Title: The Kid With a Bike
Directors: Jean-Pierre and Luc Dardenne
Starring: Jeremie Renier, Cecile de France, Thomas Doret, Egon Di Mateo
Simple grace is a quality rarer in modern films than one might expect, as is the yard-by-yard, in-the-trenches slog of messy human connection, absent a lot of cathartic speechifying. Both are on rich display in French import “The Kid With a Bike,” however, the winner of the Grand Jury Prize at last year’s Cannes Film Festival, and a Best Foreign Language Film Golden Globe nominee. With their latest movie, fraternal portraitists Jean-Pierre and Luc Dardenne deliver a compelling character study of adolescent emotional dislocation, shining a light on the weight of both nature and nurture.
“The Kid With a Bike” centers, as one might surmise, on a title character, 11-year-old Cyril (newcomer Thomas Doret, an acting neophyte). Newly christened a ward of the state, and blind to the negative qualities of his shit-heel father, Guy (Jeremie Renier), Cyril is convinced that his abandonment is some sort of mistake. After being granted weekend furloughs with Samantha (Cecile de France), a hairdresser who seems surprised to find herself so determined to help him, Cyril finally tracks down his dad and discovers the cold, hard truth — his father is for some reason convinced that he can’t take care of him anymore. With neighborhood drug dealer Wes (Egon Di Mateo) taking him under his wing, the already emotionally fragile Cyril falls victim to the potential of bad influences, as Samantha struggles to ascertain whether she can tame his restless, roiled heart.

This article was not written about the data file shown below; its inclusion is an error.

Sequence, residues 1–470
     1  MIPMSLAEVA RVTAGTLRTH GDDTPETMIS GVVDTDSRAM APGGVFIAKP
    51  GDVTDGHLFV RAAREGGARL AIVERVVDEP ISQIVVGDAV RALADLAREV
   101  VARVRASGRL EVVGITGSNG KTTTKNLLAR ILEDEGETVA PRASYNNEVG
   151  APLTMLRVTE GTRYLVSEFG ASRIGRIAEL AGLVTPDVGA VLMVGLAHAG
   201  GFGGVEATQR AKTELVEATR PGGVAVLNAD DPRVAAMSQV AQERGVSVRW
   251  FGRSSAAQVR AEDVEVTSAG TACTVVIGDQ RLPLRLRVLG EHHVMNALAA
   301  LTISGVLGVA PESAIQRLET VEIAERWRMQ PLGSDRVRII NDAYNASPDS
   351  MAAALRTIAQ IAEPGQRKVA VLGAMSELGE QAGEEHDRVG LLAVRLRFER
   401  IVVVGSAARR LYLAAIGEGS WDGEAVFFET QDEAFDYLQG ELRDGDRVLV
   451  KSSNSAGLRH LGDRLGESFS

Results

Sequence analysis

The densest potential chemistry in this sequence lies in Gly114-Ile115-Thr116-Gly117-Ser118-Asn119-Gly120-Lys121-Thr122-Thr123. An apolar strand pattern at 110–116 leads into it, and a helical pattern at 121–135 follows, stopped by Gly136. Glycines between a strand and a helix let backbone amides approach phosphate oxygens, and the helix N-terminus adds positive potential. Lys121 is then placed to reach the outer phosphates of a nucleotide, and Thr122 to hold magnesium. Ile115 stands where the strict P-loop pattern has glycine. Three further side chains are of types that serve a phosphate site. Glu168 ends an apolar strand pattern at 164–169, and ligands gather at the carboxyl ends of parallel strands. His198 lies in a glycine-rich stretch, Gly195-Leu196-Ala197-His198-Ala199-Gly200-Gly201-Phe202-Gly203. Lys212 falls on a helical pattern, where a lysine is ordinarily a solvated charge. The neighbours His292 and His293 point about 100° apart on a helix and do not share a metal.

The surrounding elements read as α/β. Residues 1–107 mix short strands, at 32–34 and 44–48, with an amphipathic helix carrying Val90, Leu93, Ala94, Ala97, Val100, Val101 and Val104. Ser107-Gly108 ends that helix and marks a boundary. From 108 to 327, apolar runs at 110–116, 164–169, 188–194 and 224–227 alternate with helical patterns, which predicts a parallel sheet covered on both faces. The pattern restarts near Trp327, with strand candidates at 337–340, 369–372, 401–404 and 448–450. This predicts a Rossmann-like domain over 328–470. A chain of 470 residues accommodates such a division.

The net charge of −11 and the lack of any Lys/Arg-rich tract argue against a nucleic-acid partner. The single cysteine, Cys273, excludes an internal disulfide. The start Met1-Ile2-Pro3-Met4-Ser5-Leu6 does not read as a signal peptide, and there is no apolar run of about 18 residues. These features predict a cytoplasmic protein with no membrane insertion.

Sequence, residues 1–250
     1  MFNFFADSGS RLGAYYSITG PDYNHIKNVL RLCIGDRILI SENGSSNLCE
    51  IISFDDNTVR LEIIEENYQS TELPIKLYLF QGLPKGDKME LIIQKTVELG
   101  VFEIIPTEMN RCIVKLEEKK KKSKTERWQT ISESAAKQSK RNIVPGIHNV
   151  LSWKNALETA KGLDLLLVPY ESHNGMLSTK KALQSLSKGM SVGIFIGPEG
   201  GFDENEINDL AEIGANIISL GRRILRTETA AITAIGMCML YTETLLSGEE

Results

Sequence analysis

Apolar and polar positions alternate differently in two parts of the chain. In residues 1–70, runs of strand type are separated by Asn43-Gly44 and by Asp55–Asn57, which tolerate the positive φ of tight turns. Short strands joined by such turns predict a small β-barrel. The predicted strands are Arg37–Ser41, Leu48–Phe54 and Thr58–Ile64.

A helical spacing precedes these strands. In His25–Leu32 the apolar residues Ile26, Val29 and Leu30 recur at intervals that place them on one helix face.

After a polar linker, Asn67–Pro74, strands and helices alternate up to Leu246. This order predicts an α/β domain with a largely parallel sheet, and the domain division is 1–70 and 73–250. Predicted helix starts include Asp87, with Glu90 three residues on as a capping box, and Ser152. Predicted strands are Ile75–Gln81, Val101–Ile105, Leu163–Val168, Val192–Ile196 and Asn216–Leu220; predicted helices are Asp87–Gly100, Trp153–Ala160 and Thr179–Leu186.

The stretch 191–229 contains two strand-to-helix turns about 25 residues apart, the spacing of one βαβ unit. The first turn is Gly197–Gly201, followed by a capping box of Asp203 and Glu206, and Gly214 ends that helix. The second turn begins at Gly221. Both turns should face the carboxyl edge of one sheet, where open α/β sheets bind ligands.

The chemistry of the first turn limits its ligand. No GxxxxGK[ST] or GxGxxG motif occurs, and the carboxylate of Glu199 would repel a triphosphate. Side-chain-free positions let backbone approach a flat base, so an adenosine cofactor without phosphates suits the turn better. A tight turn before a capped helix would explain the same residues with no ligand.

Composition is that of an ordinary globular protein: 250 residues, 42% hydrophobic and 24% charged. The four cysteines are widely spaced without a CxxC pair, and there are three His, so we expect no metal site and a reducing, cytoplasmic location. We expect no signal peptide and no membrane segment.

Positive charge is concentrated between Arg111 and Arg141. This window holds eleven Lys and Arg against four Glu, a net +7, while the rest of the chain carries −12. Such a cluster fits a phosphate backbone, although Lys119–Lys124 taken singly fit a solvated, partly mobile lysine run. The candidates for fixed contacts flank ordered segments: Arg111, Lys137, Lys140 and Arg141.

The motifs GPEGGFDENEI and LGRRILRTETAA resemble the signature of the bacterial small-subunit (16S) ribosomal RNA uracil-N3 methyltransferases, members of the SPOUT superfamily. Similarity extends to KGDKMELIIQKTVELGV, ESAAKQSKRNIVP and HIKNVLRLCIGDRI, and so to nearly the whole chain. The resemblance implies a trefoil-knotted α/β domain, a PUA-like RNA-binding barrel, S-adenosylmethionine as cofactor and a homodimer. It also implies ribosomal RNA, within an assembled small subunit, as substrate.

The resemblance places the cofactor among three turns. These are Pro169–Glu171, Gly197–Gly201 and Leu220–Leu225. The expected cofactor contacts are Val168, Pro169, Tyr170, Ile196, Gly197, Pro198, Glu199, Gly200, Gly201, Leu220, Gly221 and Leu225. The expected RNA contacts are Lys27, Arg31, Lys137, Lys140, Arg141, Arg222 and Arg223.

Parent-child relationships are often at the core of the Dardennes’ films (“The Promise,” “The Child,” “The Son”), and even though the main familial connection in “The Kid With a Bike” is not one of blood ties but instead a surrogate relationship, it is no less integral to the narrative. There’s a powerful and arresting naturalism and simplicity to the Dardennes’ work, rooted in the movie’s lack of grandiloquence. Wes’ rap isn’t some complex spiel, it’s a simple con game — a hood pulled over the eyes of a kid desperate for paternal attention, a kid probably very much like he used to be when he was younger. It connects so readily because of its lack of guile and complexity.
The performances in “The Kid With a Bike” are also special. De France (the anchor in Clint Eastwood’s “Hereafter”) is sympathetic, and Doret — in his unmannered forthrightness — also cuts a striking figure. Spare but never without thought and care, the Dardennes’ movie unfolds on a precipice of loss and confusion, teetering in the wind. It’s a stirring reminder of the variety of divergent paths that life affords each of us, and how the more nuanced consideration of those choices and decisions can be corrupted by the white-hot heat of overriding emotion.
Written by: Brent Simon